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Ideas Addressability2020-11-18

When will advertising's Tesla moment arrive?

Adam Gerber

We are at a unique moment in time.

The pandemic has highlighted the shift in how people watch video and simultaneously, normalized initiatives that realign technology, consumer interests and business operations. One of the most notable results  - major US TV networks accelerating their transformations in earnest. The last 18 months has been witness to consolidation, product launches, and the ascension of experienced streaming executives with a digital first mentality to content production and delivery.

Whether advertising reinvents itself as part of this transformation is still an open question.  And that is a big danger to the free flow of content and efficacy of marketing.

We are headed towards an “on-demand” world where - generally -  sports, news and big communal events are all that will be watched live.  That time is closer than it has ever been.

The journey to an on-demand world has destabilized advertising - with Netflix, Amazon Prime and other non-ad supported platforms flourishing and traditional media companies fighting for declining, older audiences.  Now, a number of ad supported streaming services have launched or been announced, looking to recapture viewership.  But their success or failure won’t just depend on content - it will require a new ad model - to deliver the best possible viewing experience, provide value to marketers and generate adequate levels of revenue.

We have been talking about a future in which video advertising is addressable and less wasteful for decades. Continuing attempts at innovation - the Orlando Time Warner trials in the 90s; cable interconnects and zone advertising in the early 00s; platform based solutions and data-driven linear and household addressable today - never achieved their full promise or the scale marketers need.

Here’s one possible reason why.  As an industry we have never focused on the truly fundamental things that need to be changed.  Namely - what was being bought and sold and how it actually happened. Rating points aren’t what matters in a fragmented world - audience reach, attention and outcomes are - and maximizing those KPIs is not easily done when everything is managed through siloed sales channels.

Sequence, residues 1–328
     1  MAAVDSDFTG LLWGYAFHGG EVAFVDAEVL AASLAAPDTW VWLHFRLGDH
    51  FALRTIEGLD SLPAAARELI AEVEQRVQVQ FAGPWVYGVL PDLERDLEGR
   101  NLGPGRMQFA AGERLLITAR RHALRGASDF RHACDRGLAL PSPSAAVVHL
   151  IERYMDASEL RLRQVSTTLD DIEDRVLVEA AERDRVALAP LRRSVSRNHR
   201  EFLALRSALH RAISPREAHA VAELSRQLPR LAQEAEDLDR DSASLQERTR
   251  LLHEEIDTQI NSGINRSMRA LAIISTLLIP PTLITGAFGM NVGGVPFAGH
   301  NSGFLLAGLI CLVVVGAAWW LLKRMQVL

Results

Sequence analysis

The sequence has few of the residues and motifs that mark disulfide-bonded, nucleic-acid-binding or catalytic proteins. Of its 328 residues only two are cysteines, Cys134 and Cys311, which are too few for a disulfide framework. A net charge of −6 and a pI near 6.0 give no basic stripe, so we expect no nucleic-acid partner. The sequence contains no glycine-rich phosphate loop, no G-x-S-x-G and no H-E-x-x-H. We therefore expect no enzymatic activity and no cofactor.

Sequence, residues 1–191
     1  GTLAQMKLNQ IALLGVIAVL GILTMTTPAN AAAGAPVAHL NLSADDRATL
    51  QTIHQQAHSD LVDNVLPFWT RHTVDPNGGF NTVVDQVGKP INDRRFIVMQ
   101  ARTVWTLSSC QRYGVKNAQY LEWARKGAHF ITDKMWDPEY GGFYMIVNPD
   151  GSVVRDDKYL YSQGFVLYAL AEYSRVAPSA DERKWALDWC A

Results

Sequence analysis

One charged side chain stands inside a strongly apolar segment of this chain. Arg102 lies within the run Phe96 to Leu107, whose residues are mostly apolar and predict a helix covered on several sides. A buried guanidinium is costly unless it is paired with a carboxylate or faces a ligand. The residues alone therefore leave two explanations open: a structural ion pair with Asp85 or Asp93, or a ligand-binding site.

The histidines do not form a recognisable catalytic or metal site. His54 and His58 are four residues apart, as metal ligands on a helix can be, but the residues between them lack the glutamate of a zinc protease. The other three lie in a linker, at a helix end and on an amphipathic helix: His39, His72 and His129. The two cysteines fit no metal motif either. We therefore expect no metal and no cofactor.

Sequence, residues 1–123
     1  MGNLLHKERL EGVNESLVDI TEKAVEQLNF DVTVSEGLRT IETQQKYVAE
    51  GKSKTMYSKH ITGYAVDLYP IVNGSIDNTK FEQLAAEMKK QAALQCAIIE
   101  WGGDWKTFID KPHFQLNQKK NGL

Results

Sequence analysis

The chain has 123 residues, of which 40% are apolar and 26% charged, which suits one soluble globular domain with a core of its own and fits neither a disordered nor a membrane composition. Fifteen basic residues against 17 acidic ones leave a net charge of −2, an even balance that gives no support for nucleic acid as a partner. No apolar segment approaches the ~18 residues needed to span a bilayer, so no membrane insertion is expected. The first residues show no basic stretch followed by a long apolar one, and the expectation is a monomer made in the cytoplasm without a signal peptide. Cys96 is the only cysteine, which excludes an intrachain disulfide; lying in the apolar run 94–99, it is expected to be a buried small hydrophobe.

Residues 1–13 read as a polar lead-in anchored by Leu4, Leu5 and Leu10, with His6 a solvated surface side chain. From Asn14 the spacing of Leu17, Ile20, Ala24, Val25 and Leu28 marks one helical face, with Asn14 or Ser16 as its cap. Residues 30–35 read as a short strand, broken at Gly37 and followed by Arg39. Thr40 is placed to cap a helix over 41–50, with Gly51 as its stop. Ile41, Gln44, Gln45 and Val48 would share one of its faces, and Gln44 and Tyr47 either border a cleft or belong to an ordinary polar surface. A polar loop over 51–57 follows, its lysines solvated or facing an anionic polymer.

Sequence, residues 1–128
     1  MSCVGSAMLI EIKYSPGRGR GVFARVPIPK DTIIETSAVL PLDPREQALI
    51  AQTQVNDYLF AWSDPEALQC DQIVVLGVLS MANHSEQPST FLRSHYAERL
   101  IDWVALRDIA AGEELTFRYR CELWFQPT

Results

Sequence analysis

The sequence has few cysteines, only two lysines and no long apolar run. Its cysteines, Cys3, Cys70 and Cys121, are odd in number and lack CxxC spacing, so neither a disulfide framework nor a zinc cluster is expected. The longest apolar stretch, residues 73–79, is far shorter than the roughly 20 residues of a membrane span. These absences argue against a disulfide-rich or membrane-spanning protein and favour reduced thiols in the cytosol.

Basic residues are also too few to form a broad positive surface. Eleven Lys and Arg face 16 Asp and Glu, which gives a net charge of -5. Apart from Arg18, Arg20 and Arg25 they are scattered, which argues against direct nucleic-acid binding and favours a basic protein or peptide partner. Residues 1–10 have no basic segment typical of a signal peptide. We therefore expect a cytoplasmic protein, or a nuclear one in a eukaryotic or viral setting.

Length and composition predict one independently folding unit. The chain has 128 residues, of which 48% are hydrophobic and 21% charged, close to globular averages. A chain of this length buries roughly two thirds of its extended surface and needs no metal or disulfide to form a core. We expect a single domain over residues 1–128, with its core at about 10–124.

The market is ready for “audience-based buying” but today’s solutions remind me of a hybrid car.  Yes, it makes things a little better, but at the end of the day, it's still reliant on old technology.  Hybrids aren't a big, bold change. Tesla is.

For video advertising to continue to create value we need to completely rethink how it works; to redesign it’s engine and establish a new infrastructure to provide its fuel.

What does bold, disruptive thinking in video advertising look like? It relies on privacy-friendly, centralized and open source identity, coordinated ad delivery across sellers’ portfolios to maximize reach and manage frequency, and customized ad-models in on-demand experiences to hold attention. It means better attribution and outcome-based validation.  At the end of the day - it means a fully connected, and coordinated ecosystem.  Not just within media company portfolios or walled gardens - but across them.

Consumers want more value in exchange for their time and attention. Media companies need to maintain and grow revenue. Advertisers want improved performance. These are not mutually-exclusive, and the solution has to be comprehensive - which it hasn’t been to date.

Getting to consensus might require a changed perspective. Media companies and platforms need to recognize that, with regards to ad sales and delivery, they don’t only compete with each other. They complement one another. Yes, programming departments and distribution groups will fight for viewers and subscribers. Once consumers decide where to watch, the focus should be on balancing their viewing experience, delivering value to advertisers, and ensuring appropriate monetization for publishers. That requires a fundamentally different approach than the one we have today.

The next ten years must be about reimagining video advertising. We need to stop insulting  consumers with more, repetitive ads, and redesign our systems for an on-demand world. We need the ability to create ad experiences that are managed across a viewer’s day, week, and month which aren’t just tied to individual shows or networks.

Thirty plus years ago, conversation began in earnest around electric vehicles. It seemed like a great idea but it was easier for the incumbents to maintain the status quo. Auto manufacturers experimented with hybrids but didn’t fully commit to letting go of their established technology. When GM recalled and destroyed its electric cars in 2003, Tesla was born to challenge them.

I’m left asking, “When will the Tesla of advertising stand up?” We need to move beyond the conventional model and recognize a transparent, joined-up and addressable video ad market is better for everyone. We can put self-interest and control aside and build it, or we can wait to be disrupted by someone with the ambition to create it for us. The ad-supported content model - that supports universal access to quality content, independent journalism and the diverse publishers that comes with it - depends on what we do next.

*An abridged version of this article was published by Campaign Magazine. Photo courtesy Szymon Kita on Unsplash.